Intel never did any anti-trust things and AMD never did any patent overstepping,that's what a settlement is.

"On November 11, 2009, Intel Corporation (Intel) and Advanced Micro Devices, Inc. (AMD) entered into a comprehensive agreement to end all outstanding litigation between the parties, including antitrust litigation and patent cross license disputes (the “Settlement Agreement”). Intel agreed to pay $1.25 billion to AMD as consideration for the settlement within thirty days. Under the terms of the Settlement Agreement, AMD agreed to drop all pending litigation against Intel, including the case in the U.S. District Court in Delaware and the two cases pending in Japan. AMD also agreed to withdraw all of its regulatory complaints against Intel worldwide. AMD and Intel obtained patent rights from a new 5-year cross license agreement, and AMD and Intel relinquished any claims of breach from the previous license agreement. Intel also entered into a license agreement with Global Foundries, Inc., a manufacturing entity formed by AMD and Advanced Technology Investment Company. The parties agreed that the settlement was intended solely as a compromise of disputed claims, and was not to be understood as a concession or determination that either party has engaged in any wrongdoing. "



Also intel gave them 1.25bil at a time they were making about 6mil profit,a time that was so though on AMD they were forced to sell off their foundries because they had no money left after buying ATI which is what started this whole thing in the first place.
 
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Markfw

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You are remembering extremely wrongly...
Intel never did any anti-trust things and AMD never did any patent overstepping,that's what a settlement is.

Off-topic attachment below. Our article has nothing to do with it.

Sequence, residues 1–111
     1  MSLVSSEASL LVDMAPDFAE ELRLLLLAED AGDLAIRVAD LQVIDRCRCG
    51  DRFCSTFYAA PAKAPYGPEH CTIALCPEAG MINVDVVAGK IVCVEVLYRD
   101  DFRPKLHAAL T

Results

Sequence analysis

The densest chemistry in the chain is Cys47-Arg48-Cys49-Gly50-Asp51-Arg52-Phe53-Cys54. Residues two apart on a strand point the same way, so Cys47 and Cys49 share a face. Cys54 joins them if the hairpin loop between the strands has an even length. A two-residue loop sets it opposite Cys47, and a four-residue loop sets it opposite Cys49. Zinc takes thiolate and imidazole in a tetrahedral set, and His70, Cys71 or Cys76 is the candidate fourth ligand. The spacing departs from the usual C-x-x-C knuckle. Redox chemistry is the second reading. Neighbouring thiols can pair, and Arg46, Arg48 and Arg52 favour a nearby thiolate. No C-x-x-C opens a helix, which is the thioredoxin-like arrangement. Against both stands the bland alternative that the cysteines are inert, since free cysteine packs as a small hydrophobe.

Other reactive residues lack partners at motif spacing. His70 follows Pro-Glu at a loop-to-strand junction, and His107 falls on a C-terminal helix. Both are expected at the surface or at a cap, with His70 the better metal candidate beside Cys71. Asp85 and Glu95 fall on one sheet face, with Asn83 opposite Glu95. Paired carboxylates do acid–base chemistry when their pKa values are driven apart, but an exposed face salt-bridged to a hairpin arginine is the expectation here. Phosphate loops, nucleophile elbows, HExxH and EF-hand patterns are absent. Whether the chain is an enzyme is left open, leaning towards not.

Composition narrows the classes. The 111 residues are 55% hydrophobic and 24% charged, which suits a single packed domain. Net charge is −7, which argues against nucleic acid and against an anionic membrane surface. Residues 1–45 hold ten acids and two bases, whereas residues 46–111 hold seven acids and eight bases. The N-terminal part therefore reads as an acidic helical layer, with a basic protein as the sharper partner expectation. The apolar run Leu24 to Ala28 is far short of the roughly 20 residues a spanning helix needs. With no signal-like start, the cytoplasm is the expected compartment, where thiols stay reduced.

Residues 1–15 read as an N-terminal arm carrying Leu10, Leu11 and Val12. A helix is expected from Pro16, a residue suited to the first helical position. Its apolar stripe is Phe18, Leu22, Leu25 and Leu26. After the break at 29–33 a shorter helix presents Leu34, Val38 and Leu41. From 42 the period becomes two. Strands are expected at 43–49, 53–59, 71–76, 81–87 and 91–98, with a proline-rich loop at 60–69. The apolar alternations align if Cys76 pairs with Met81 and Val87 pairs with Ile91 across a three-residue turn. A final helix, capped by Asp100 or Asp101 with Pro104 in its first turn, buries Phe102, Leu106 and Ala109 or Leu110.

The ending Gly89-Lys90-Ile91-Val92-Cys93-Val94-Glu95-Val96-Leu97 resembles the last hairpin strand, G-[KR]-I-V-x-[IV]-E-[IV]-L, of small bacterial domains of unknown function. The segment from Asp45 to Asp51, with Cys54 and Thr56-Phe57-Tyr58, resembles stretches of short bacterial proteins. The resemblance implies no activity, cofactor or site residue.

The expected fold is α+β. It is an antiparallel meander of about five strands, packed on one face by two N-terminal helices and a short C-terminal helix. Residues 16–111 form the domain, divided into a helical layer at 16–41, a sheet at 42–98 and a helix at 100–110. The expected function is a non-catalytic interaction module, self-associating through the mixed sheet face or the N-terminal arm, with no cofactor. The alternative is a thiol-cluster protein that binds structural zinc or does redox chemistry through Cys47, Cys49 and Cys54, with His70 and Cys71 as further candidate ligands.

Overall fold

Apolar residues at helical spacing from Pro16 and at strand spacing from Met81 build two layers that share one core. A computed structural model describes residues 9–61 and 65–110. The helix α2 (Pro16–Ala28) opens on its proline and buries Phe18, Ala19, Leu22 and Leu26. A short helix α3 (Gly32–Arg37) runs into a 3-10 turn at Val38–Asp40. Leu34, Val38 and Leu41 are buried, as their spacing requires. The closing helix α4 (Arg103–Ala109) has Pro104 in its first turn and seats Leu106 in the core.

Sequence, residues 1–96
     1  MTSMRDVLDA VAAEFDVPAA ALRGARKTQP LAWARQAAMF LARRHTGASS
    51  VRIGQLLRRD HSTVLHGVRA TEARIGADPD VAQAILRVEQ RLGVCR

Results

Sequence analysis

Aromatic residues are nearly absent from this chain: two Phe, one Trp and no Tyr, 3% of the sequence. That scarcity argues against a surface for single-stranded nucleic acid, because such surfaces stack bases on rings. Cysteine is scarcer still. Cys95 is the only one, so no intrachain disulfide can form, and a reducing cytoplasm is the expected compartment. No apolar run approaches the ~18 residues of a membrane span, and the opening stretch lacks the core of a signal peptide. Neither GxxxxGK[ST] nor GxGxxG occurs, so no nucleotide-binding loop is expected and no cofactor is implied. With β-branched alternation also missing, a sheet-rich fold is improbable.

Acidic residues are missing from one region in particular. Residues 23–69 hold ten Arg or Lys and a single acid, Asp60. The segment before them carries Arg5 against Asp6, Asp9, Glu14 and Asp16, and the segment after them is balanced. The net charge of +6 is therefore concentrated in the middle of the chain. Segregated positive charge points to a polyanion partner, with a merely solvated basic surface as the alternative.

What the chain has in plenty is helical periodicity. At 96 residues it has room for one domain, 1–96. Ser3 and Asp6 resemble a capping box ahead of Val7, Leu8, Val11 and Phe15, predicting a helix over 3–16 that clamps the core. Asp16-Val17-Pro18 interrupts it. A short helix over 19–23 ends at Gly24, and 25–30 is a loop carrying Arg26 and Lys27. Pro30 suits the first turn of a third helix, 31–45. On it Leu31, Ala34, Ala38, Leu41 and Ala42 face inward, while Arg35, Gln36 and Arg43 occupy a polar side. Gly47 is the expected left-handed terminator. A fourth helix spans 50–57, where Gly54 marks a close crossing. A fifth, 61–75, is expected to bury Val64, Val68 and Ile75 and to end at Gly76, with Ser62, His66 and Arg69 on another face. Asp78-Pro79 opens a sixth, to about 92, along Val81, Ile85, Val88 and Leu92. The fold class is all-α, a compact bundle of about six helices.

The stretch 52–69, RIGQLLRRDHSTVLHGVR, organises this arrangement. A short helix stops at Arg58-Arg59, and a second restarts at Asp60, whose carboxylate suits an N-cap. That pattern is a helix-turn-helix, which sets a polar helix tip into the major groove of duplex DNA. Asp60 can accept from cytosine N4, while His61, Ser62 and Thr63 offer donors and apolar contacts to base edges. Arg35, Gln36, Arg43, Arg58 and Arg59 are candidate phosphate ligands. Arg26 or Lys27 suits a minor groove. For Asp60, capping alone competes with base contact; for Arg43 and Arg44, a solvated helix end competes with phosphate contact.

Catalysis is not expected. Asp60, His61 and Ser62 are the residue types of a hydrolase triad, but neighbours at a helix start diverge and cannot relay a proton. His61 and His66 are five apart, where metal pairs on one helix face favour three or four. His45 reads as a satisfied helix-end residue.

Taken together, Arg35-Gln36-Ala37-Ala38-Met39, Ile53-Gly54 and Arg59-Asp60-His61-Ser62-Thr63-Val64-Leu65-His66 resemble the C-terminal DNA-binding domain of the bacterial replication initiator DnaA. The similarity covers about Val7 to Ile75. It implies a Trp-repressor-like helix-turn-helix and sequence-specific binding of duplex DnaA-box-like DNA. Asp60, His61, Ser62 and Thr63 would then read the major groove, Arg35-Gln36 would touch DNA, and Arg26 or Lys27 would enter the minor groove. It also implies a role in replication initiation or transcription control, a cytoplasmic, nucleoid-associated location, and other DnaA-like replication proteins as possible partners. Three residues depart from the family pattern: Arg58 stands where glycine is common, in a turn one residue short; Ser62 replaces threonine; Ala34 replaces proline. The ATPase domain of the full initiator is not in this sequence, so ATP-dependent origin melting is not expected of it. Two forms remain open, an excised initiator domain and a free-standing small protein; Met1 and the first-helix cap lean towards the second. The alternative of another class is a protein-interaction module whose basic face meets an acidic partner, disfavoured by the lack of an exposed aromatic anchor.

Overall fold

"On November 11, 2009, Intel Corporation (Intel) and Advanced Micro Devices, Inc. (AMD) entered into a comprehensive agreement to end all outstanding litigation between the parties, including antitrust litigation and patent cross license disputes (the “Settlement Agreement”). Intel agreed to pay $1.25 billion to AMD as consideration for the settlement within thirty days. Under the terms of the Settlement Agreement, AMD agreed to drop all pending litigation against Intel, including the case in the U.S. District Court in Delaware and the two cases pending in Japan. AMD also agreed to withdraw all of its regulatory complaints against Intel worldwide. AMD and Intel obtained patent rights from a new 5-year cross license agreement, and AMD and Intel relinquished any claims of breach from the previous license agreement. Intel also entered into a license agreement with Global Foundries, Inc., a manufacturing entity formed by AMD and Advanced Technology Investment Company. The parties agreed that the settlement was intended solely as a compromise of disputed claims, and was not to be understood as a concession or determination that either party has engaged in any wrongdoing. "



Also intel gave them 1.25bil at a time they were making about 6mil profit,a time that was so though on AMD they were forced to sell off their foundries because they had no money left after buying ATI which is what started this whole thing in the first place.
What AMD agreed to has nothing to do with what Intel was actually doing. It was proven that they were paying companies NOT to use AMD products, and would withdraw their own discounts and availability if the companies would not agree or comply.
 
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RetroZombie

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Before and after the Bribe Money
Well one less useful site with data to compare.

Now only going to use it to compare:
- amd r7 3700X vs ryzen r7 3800X
- intel i9 9900K vs i9 9900
- intel i7 7700K vs i7 7700